Made from 100 percent cotton, the carrier will keep you both cool. There are removable ergonomic adjustable foot straps for a toddler or older child.
Storage for small items such as a mobile phone, money or credit cards is built in. There are also strap holders to carry a purse or an extra bag when you visit the grocery store on your way home. Additionally, the carrier has a removable sun shade/privacy hood.
The Boba 4G comes in plain colors, but there are also a number of fun patterns for those who want something different.
- Suitable for newborns and toddlers.
- Wide, comfortable padded straps for a comfy walk.
- Storage for smaller items so you don’t need to bring a purse along.
- Easily portable.
- You might need help to put an older child in the carrier on your back.
9. Luvdbaby Premium Baby Backpack Carrier
This hiking backpack baby carrier has loads of large and small pockets, some mesh and some zippered. They’re located under the cockpit, on the back, and on the waist belt. There’s even an insulated pocket for a baby bottle or a drink.
I love that a detachable backpack and foldable diaper changing mat are also part of the deal. These are ideal for when you want to lay your little one down somewhere clean when you’re out in the woods.
Made from durable nylon, the carrier is waterproof to withstand the elements. We all know how suddenly the heavens can open when we’re out and about.
The carrier can be adjusted to fit most heights, and has padded shoulder straps and waistband, so it’s comfortable for baby-carrying moms and dads.
The aluminum frame has a kick-out stand for stability when you place it down. There’s a comfortable cockpit for your baby, as well as safety straps and adjustable stirrups. A stowable hood protects your child from the sun’s harsh rays.
- Ample storage in both zippered and mesh pockets.
- Durable, waterproof material that’s also easy to clean.
- Integrated sun shade.
- Instructions for use are lacking in detail, so there’s trial and error when learning to use this.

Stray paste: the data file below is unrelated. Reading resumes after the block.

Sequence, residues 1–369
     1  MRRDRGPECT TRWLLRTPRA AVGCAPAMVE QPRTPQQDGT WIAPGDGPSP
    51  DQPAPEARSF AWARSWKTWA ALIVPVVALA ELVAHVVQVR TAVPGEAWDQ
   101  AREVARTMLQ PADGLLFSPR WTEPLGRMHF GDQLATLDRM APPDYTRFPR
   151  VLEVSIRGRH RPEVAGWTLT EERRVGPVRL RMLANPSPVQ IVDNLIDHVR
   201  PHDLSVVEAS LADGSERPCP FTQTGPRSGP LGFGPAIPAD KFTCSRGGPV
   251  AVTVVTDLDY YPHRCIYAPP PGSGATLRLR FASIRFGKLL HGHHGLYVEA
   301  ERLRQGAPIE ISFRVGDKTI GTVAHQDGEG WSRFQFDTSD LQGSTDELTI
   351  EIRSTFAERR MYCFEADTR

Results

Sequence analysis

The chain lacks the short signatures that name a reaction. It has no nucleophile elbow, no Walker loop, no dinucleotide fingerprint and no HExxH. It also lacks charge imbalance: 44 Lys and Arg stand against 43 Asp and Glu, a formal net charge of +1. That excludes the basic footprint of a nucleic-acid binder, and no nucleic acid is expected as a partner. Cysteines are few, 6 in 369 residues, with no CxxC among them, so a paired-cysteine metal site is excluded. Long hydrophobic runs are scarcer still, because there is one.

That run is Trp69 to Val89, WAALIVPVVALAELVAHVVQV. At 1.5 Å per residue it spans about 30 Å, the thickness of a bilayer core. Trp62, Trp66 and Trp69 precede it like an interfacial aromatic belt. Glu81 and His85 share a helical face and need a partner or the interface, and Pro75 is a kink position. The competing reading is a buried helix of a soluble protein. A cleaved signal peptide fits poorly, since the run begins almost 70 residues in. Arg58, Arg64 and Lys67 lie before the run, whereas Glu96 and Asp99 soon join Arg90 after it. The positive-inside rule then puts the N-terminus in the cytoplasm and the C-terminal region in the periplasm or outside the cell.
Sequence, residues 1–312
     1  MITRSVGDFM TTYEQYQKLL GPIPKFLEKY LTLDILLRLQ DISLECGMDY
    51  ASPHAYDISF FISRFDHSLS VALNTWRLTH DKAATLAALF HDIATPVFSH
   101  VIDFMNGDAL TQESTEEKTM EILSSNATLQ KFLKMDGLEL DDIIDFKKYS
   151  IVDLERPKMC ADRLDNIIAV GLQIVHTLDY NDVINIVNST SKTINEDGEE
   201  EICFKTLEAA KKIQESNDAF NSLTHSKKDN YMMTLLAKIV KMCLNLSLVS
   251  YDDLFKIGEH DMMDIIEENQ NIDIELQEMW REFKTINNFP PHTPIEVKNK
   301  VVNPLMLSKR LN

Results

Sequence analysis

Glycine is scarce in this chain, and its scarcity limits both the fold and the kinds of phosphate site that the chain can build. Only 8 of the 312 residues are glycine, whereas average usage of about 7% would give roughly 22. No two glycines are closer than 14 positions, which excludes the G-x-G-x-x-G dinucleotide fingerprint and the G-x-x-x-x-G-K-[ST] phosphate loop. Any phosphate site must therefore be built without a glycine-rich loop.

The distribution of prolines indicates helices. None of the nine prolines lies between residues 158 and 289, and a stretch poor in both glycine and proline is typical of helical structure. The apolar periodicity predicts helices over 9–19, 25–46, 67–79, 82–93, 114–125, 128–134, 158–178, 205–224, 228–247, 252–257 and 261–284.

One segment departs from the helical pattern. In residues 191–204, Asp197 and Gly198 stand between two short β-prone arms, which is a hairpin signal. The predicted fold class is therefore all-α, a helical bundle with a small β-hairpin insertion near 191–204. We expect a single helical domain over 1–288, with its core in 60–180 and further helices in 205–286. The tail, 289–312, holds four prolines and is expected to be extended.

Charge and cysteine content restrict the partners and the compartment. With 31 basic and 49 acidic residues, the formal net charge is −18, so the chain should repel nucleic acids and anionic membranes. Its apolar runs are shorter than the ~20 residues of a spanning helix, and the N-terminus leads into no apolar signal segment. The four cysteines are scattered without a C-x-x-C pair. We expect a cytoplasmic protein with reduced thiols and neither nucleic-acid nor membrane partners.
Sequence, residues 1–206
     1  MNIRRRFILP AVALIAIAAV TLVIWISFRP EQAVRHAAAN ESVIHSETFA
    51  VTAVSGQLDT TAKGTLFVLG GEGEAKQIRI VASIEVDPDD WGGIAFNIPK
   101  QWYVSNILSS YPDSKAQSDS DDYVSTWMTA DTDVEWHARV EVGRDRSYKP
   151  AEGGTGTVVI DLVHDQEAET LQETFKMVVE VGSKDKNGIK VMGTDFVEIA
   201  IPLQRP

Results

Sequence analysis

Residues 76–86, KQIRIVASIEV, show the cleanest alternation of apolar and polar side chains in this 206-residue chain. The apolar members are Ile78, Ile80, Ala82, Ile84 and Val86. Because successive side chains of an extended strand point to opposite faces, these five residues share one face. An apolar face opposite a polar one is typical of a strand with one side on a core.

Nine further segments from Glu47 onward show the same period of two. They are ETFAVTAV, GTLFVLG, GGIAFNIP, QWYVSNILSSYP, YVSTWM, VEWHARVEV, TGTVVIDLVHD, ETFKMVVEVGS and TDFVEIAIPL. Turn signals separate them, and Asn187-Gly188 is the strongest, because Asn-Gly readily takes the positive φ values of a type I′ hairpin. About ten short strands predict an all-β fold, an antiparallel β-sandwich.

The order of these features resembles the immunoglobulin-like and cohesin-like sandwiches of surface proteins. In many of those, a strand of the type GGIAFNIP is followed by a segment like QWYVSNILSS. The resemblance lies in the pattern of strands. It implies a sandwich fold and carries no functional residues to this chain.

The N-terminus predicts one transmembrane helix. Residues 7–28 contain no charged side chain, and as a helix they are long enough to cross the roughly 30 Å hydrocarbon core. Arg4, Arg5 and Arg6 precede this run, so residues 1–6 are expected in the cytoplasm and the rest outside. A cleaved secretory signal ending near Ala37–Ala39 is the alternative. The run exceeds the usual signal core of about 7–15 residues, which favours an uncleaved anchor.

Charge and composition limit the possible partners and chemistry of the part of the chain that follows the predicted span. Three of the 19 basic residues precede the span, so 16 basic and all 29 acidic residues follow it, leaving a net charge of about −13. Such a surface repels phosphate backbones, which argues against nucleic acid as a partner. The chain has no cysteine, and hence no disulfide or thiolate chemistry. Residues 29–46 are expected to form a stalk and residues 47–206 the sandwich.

10. Osprey Packs Poco AG Plus Child Carrier
Osprey is dedicated to creating comfortable backpacks for outdoor pursuits. The company has taken its anti-gravity suspension system and custom fit philosophy and applied them to this child carrier. The hip belt, shoulder straps, and torso strap can be adjusted quickly and easily.
The result is a very comfortable carrier for both you and your child. The design lets your hips take the strain, rather than your back and shoulders.
It’s on the heavier side, at 8.3 pounds, but will carry a child and gear weighing up to 48.5 pounds in total. If you want to lighten the load, there’s a detachable backpack for storing extra kit for you and baby.
Speaking of storage, there is another large compartment under the baby seat, a pocket for a hydration pack and zippered pockets on the hip belt. There are even loops where you can attach baby toys to keep your little one entertained.
The comfort of your child is taken into account by a fully framed and padded seating area, which has a butterfly harness covered in a lovely soft fleece.
Several extras are included, such as adjustable stirrups to keep those little feet and legs in place, a removable, washable drool pad, and an integrated sunshade.
A locking foot bar provides stability for the extra wide base when you take the carrier off and put it down.
Osprey offers a guarantee to repair or replace your carrier if there are any defects. This gives peace of mind to parents hesitant about committing to such an expensive piece of gear.
- Anti-gravity suspension system with plenty of airflow for comfort.
- Easy to adjust between users.
- Repair or replacement guarantee.
- Safety mirror included; easily check on the little monkey on your back!.
- Some find the hip belt hard and uncomfortable.
Limitations When Hiking With a Child
Whether you’re new to hiking or a seasoned pro, remember that things are different when you have a little one in tow. A hiking carrier will make a lot more places accessible to you than a stroller, but there are, of course, some limits.
Stick to easy trails which are kiddie friendly, those these. It might be a bit hit-and-miss to start off with. I found speaking to other parents useful, as they offered some recommendations. Alternatively, your state or county parks department can point you in the right direction.